Our New Permaculture Garden Room
I always spend the quiet months of winter storms and long dark days to dream up new ideas and plans for the garden.
This past winter I suddenly had the idea to turn a rather dull simple square garden room into a permaculture garden room. This area was actually the very first part of the garden I started working in when we first moved here 9 years ago. I created a stunning flower garden greatly inspired by the then relatively new Danish garden guru, Claus Dalby. But unfortunately it turned out that this area of the garden was completely infested by bindweed (Snerler in Danish) and I eventually had to give it up and just leave it as a lawn we could mow and control.
But what does Permaculture Gardening mean? There are many definitions floating around, but as I see it, it is about planting what suits your climate and unique environment best. It is about disturbing the layers of the soil and its micro inhabitants as little as possible. Plant things once and then leave them permanently in the ground. Where a normal production of vegetables and fruit and berries is grown as monoculture (one type in long rows seperate from others for efficiency's sake) my permaculture garden is all about polyculture: a mix of crops to immitate a diverse natural ecosystem. I also practice what is called chop-and-drop. Which means that instead of constantly removing plant mass from the space, I pull up weeds and just leave them on the ground to dissolve and naturally add to new healthy top soil. Nutrient rich healthy soil can make or break your gardening success. I do the same with the part of my crops that we dont eat, like the very top of my leeks or the main plant of peas and beans.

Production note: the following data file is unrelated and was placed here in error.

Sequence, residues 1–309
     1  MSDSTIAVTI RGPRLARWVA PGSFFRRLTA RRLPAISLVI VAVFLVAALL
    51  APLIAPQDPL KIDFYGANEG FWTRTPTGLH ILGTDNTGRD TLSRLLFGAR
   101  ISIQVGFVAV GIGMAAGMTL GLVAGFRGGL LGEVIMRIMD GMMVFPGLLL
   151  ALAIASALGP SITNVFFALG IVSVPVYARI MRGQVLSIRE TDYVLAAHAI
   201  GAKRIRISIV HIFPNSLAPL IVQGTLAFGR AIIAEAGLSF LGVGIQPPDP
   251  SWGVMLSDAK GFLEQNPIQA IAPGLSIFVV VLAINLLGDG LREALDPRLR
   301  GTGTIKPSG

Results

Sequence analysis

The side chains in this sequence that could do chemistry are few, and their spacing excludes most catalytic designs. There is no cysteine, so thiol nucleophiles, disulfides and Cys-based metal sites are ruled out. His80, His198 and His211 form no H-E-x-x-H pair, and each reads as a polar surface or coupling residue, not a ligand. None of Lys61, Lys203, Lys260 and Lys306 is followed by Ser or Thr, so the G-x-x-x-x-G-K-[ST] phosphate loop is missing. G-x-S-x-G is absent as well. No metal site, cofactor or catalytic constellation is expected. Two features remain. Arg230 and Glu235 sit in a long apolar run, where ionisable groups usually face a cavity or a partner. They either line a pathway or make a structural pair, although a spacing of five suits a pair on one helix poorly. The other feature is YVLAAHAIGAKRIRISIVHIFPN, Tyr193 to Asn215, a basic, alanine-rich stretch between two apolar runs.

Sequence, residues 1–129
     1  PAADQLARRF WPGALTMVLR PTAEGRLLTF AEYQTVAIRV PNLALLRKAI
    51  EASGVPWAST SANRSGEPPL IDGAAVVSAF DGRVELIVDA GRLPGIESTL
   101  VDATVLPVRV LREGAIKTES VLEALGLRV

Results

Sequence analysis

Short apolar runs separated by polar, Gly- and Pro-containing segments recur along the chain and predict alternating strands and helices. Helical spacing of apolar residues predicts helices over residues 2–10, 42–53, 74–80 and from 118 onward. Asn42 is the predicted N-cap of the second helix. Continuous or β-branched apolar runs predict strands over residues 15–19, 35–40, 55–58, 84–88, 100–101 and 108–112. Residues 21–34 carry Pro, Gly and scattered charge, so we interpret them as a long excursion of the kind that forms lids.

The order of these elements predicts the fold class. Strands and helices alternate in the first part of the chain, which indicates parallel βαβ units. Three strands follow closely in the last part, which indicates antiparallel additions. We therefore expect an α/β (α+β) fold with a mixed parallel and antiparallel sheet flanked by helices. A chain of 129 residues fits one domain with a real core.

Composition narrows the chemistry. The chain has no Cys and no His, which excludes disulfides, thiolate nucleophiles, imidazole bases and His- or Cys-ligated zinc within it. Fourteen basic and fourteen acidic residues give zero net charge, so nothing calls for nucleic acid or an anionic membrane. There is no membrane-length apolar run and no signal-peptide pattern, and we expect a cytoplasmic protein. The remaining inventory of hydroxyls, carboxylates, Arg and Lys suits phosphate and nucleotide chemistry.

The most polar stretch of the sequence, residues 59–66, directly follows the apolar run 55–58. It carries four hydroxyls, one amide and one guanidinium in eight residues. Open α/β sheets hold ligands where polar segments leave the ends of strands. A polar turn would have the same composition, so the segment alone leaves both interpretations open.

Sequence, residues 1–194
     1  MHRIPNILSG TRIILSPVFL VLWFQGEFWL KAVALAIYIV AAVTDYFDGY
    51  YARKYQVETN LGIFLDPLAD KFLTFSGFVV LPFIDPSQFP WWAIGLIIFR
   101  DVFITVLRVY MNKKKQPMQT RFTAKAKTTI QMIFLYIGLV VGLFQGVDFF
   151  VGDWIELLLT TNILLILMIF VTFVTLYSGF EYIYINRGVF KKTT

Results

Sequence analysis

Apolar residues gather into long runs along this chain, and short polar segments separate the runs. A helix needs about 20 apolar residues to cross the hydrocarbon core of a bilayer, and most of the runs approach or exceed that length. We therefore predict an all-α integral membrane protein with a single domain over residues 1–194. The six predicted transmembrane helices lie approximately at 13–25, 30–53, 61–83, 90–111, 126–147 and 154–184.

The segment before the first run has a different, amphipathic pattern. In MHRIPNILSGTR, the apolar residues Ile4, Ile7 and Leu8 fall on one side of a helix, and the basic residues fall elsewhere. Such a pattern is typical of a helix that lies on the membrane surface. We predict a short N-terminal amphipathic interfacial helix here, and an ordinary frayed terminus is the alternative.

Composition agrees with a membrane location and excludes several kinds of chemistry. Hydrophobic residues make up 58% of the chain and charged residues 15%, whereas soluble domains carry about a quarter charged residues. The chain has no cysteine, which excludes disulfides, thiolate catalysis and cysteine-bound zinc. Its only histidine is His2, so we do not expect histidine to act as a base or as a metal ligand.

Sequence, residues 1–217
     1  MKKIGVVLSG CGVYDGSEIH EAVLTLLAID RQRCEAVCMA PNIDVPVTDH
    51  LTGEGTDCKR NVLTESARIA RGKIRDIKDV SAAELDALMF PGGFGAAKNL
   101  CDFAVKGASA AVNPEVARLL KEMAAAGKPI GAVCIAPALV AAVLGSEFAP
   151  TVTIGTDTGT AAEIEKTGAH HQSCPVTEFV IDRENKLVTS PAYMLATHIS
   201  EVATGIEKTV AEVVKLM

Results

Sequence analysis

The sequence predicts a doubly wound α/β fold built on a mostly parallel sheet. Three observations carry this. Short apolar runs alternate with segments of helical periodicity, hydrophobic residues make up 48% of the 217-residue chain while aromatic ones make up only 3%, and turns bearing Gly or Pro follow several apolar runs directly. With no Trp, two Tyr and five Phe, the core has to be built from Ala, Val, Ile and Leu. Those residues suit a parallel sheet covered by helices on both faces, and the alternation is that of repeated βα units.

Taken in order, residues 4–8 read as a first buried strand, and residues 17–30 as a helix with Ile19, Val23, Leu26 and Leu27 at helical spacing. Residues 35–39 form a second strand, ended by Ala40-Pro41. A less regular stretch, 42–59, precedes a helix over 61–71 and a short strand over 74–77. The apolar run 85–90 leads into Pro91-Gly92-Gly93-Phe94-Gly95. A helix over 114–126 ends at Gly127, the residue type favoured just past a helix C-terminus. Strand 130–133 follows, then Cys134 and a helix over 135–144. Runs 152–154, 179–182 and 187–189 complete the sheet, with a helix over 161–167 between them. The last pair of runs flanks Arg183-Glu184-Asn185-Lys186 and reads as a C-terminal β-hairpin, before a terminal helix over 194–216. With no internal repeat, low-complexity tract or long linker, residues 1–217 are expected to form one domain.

This is what the area looked like in January:
What was most important to me was that it had very organic shapes. The overall skeleton of the garden - the main beech hedges - as well as several of the garden rooms are dominated by symmetry, straight lines and balance, so I really wanted this room to feel natural, soft and untamed in its form.